Florida legislators are backing a permanent ban on transgender care for minors, but it appears the battle may soon shift to a federal courtroom.
The House and Senate — voting largely along party lines — agreed to pass legislation that would enshrine the ban into state law after the state’s medical board agreed to impose the restriction on doctors last year. The bill will next head to the Governor’s desk.
But the state’s existing ban is already being challenged. In a statement late Thursday, the groups representing seven families who filed the lawsuit — Southern Legal Counsel, LGBTQ Legal Advocates & Defenders, the National Center for Lesbian Rights and the Human Rights Campaign — said they would ask a federal judge to take “swift action” to block SB 254.
“This exacerbates the state of emergency for parents who are already being forced to watch their kids suffer rather than get them the effective health care they need and that will allow them to thrive,” the groups said.
The announcement came a few hours after the final bill passed the House by an 83-28 vote.
The House had previously taken the Senate’s bill on transgender care and amended its version of the proposal onto it instead. Unlike the original Senate bill, the House wanted to ban insurance companies from covering gender-affirming care, regardless of the insured’s age. The House bill would have required minors with gender dysphoria to come off of hormones by Dec. 31, 2023.
Senate President Kathleen Passidomo, though, said she wasn’t comfortable with those provisions.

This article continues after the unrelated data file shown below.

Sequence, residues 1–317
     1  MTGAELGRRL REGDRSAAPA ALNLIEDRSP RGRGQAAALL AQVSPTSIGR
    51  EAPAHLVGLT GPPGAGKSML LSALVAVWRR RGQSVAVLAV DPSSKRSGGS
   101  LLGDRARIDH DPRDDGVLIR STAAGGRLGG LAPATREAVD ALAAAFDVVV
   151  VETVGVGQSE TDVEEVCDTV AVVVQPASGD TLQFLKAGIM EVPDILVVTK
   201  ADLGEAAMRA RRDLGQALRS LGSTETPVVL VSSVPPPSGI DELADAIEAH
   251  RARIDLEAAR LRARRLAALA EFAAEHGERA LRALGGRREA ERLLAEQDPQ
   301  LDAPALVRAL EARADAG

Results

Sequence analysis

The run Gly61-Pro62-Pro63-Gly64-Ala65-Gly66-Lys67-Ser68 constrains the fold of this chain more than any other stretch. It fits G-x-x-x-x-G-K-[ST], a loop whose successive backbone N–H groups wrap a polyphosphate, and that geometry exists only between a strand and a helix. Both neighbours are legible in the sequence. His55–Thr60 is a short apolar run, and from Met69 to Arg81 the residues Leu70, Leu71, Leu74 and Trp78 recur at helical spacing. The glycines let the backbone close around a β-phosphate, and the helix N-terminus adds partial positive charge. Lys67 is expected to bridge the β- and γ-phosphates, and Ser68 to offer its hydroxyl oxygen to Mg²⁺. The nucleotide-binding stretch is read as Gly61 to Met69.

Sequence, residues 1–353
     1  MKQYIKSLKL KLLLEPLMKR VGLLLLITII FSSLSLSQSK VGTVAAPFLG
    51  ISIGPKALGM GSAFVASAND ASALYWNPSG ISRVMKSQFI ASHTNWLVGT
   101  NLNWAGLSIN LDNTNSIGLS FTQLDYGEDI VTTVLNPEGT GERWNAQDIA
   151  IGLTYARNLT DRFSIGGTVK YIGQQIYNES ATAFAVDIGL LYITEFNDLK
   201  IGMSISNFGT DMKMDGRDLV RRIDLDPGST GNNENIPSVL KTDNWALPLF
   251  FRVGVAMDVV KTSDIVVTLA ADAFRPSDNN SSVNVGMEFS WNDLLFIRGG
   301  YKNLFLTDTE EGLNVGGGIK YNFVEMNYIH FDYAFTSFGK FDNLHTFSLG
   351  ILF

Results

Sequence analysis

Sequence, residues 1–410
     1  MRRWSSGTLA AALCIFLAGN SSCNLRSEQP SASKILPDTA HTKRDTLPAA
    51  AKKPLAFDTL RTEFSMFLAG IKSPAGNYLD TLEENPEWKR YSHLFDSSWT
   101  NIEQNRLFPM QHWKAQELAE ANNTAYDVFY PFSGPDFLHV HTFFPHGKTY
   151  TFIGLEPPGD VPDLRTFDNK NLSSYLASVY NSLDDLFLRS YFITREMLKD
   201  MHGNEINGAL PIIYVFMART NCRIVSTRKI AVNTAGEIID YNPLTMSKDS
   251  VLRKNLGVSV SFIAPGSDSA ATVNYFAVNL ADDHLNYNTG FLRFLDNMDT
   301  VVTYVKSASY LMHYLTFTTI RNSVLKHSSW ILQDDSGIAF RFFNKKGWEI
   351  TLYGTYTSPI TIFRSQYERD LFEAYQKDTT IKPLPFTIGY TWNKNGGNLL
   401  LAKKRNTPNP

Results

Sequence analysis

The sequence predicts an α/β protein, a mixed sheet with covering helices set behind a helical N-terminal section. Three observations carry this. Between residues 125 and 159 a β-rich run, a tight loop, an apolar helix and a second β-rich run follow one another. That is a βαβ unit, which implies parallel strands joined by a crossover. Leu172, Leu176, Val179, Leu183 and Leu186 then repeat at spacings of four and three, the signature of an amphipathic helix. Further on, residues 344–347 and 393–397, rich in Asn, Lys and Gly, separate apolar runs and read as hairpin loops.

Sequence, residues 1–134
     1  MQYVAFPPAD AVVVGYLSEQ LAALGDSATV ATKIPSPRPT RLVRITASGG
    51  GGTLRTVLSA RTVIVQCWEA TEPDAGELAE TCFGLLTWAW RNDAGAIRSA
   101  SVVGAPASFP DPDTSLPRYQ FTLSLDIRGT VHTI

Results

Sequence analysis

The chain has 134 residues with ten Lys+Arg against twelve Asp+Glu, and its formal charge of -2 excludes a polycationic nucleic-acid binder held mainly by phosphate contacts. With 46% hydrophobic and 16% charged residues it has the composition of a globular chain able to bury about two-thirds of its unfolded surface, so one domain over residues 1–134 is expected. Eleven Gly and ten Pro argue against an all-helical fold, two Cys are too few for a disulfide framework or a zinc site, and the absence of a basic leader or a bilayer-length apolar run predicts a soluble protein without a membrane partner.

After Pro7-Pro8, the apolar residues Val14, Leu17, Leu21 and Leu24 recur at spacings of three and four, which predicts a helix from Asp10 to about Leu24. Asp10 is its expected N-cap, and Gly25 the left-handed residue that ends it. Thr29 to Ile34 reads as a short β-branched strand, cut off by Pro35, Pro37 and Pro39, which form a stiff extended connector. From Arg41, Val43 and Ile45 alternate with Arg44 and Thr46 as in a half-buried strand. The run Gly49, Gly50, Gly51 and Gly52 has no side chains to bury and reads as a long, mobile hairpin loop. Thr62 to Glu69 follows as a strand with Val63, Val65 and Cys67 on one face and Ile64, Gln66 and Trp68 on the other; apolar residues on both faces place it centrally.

On Thursday, the Senate took up SB 254, tacked on a lengthy amendment to the bill and sent it back to the House for action. The amendment contained the original Senate version of the bill, which did not include a ban on private insurance companies from reimbursing for the care.
But the amendment did contain modifications to the Senate bill that passed the chamber last month.
For instance, the amendment would require the Board of Medicine and Board of Osteopathic Medicine to adopt emergency rules within 60 days of the bill becoming law that lay out a path for minors currently in treatment. The amendment also would require the boards to take into consideration whether to mandate minor patients be seen by board-certified psychiatrists or psychologists.
The initial bill didn’t contain the counseling requirement and it didn’t have a timeline for the board to publish the emergency rules.
Additionally, the amendment deleted a requirement that hospitals attest they are not performing gender-affirming surgeries on minors.
Democrats still opposed the ban, with Rep. Kelly Skidmore calling it “a better version of a bad bill.” They railed at Republicans and said they were unfairly targeting transgender youth.
Republicans pushed back, contending they wanted to protect children. The bill sponsor, Rep. Randy Fine, accused those of backing transgender care for minors as being members of a “cult.” He asserted that some medical professionals were making money on those wanting to transition.
“Trans people are not evil,” Fine said. “They are the victims of those who are.”
In passing SB 254, the Legislature agreed to codify in statute many policies that Gov. Ron DeSantis enacted through his broad administrative power.
The two medical boards had already passed rules that banned minors from receiving gender-affirming care. And the Agency for Health Care Administration had altered its Medicaid rules to preclude coverage for gender-affirming care after Surgeon General Joseph Ladapo issued guidance recommending against allowing minors to receive the benefits.